When R was a little, he had a onesie with a sign “If only they would stay little”.
This is something that most mothers say.
Little was I to know how much he would like staying little and, if I am to be honest, how much we would enjoy this childhood unfolding in slow motion
At 9, he has still retain such sweet innocent charm – that people often mistake him for a much younger child
My sister will ask him to “fulfill all his baby jobs and give her flying kisses”, a nurse will giggle indulgently when she sees that R cannot blow his nose, someone will bump into him at the gym and instead of saying “Excuse me” they will give him a hug instead.
People coo at him, instead of talk to him. He gets more spontaneous hugs and kisses than any 9 year old I know.
In fact , DH is probably the only one, in all of R's world that pushes him to act his age.
Many articles that adult auties write about things they wish we knew about them says how much they hated being “infantilized”.
But R LOVES being baby - in his self-concept- he sees himself as a small child. And he likes it that way
The other day he told me that he was a toddler.
Most neurotypicals have the peer pressure/natural incentive to start become more independent.
I remember my niece was barely talking and all she wanted to do was do things by herself, when she stopped wanting to be in our laps.
But it’s time to gently nudge him along on this journey.
To nudge myself along as well.
For its not just that I enjoy my sweet child so very much, it’s also that he was so ill for so long.
It’s made me want to be an armor around him – so defenseless and fragile he seems to me.
But that crisis has become part of our normal and we are no longer in that day-to -day mindset of urgency
Its time for this baby, this baby-mama to grow up
This post was written for Hopeful Parents.
Congratulations for sharing this sometimes difficult change in mindset in such a gentle way. You are so good at the gentle way.
Growing up, even on a different and self-accepted timeline is has long-term implications. I cheer you in this endeavor! You sound ready.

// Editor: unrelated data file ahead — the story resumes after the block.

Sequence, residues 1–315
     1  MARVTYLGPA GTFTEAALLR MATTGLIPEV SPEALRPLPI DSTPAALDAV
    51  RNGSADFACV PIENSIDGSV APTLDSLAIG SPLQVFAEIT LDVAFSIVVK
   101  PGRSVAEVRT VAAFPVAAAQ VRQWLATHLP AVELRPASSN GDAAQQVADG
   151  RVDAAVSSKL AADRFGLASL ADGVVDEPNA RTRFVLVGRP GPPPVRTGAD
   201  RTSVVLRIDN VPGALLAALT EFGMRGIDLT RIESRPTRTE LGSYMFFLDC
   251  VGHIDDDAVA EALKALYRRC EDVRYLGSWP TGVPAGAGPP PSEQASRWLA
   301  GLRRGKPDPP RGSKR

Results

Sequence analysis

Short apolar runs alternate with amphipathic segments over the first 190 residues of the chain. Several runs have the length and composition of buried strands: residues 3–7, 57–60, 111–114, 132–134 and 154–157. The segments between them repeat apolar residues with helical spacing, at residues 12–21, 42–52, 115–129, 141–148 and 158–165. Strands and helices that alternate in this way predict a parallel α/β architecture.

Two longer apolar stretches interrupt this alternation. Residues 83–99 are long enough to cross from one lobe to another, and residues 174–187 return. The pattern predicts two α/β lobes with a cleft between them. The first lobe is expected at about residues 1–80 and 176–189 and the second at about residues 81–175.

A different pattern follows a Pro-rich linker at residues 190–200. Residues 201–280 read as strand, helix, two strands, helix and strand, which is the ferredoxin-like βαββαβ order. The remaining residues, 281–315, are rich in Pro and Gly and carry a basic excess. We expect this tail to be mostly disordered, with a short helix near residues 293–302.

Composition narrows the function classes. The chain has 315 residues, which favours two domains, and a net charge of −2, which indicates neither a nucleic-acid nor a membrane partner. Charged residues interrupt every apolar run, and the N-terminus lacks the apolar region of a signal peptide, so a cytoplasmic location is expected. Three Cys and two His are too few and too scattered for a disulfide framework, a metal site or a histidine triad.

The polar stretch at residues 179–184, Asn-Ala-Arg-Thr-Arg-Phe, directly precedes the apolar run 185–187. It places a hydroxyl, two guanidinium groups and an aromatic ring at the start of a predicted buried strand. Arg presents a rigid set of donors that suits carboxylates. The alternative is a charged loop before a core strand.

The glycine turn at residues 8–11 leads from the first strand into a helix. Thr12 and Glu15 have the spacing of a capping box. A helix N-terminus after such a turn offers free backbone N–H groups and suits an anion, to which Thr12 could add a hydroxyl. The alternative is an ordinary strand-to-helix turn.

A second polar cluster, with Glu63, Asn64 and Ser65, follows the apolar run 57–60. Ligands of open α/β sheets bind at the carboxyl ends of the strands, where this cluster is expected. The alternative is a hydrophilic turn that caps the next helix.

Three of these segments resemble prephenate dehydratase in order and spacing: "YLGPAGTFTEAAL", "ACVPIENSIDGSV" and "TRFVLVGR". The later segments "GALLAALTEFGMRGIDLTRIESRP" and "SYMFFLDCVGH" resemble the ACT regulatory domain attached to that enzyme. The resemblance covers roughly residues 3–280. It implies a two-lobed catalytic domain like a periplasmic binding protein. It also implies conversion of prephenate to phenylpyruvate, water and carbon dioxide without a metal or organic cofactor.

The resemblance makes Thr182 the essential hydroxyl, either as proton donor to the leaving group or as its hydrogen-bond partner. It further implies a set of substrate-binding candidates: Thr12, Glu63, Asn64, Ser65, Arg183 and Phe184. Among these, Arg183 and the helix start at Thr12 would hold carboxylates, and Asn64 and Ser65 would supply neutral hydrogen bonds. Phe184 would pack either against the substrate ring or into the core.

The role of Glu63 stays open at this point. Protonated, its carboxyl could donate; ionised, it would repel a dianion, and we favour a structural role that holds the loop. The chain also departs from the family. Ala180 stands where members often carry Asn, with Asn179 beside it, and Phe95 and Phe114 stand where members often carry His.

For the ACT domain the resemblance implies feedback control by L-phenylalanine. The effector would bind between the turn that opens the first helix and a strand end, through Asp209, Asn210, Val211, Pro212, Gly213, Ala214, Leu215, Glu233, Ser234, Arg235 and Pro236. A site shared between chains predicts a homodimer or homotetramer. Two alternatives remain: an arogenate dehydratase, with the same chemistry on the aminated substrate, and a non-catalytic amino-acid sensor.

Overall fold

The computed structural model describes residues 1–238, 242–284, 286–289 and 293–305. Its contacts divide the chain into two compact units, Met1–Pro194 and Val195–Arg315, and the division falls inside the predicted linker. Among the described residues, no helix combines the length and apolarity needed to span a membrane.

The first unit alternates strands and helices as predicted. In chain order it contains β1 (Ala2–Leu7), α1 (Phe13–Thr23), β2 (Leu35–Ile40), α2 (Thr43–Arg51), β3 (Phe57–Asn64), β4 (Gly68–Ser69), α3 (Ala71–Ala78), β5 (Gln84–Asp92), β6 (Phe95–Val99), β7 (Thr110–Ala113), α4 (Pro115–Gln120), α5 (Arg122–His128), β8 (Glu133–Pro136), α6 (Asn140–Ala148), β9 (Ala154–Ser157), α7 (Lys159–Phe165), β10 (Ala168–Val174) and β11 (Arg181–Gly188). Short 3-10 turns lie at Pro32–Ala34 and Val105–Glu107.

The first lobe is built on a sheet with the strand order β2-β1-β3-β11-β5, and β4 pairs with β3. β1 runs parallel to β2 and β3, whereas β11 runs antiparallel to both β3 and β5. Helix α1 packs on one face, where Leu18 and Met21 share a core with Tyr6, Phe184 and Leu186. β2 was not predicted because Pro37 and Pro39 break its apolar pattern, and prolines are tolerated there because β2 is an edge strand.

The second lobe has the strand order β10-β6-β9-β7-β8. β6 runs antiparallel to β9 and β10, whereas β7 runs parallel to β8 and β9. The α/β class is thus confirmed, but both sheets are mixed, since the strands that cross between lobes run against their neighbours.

(In familiar cultural jargon:) Drive on!
Once again, you've put it in words so eloquently!!! My "baby" is 12 and juuuuust starting to separate himself from me. I've cherished the extra few years of snuggles and now I have to let that go. SOME. OUCH, but it IS [sort of...a bit late] developmentally appropriate. My g, too, was very sick much of his early years (105 was his "normal" fever) and I had a similar experience where I bonded with him so fiercely and protectively...You are a wonderful mama! Love,
I can definitely relate. My son just turned 10 and he is still very sweet and innocent. It is so endearing, but I want him to be prepared as he grows older. I probably push him more than my wife, but there's definitely a part of me that is enjoying that he's growing up too fast.
Lovely post and I hear what you're saying. They feel quite safe and want the status quo to remain unchanged! Your R being so unwell has probably played a part too. But, do you know what? each at their own pace I say. My guy trundling along wonderfully and at 14 I suspect he's a tad behind in the maturity stakes. As I have no doubt that other (NT) teens are too. But I still get hugs, so all's good for me! They will get there ;-)
It is a tricky time for a parent.... becoming aware that our kids are growing up and that we should be treating them as such. I try my best to treat my boy as a teen but when he shows such enjoyment over silly toddler songs I can't quite figure out where he is! :-)
It is so hard for parents to let go, I think especially when the child has special needs. As the mom of 2 neurotypical teen boys, I have shed some tears over my "babies" being grown up. I definitely babied Alex longer. He didn't mind and so much wanted to protect him from "the world". At 10.5 he is starting to pull away and while it is sad, I am happy that he is pulling away (although a bit later) much as his brothers did. This was a great post!
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